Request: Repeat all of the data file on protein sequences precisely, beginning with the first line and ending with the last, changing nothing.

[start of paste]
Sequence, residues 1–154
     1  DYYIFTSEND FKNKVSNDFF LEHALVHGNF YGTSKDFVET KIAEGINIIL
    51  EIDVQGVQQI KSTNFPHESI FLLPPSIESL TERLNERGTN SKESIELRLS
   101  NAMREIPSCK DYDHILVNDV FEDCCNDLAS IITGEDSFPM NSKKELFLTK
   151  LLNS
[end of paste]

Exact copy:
Sequence, residues 1–154
     1  DYYIFTSEND FKNKVSNDFF LEHALVHGNF YGTSKDFVET KIAEGINIIL
    51  EIDVQGVQQI KSTNFPHESI FLLPPSIESL TERLNERGTN SKESIELRLS
   101  NAMREIPSCK DYDHILVNDV FEDCCNDLAS IITGEDSFPM NSKKELFLTK
   151  LLNS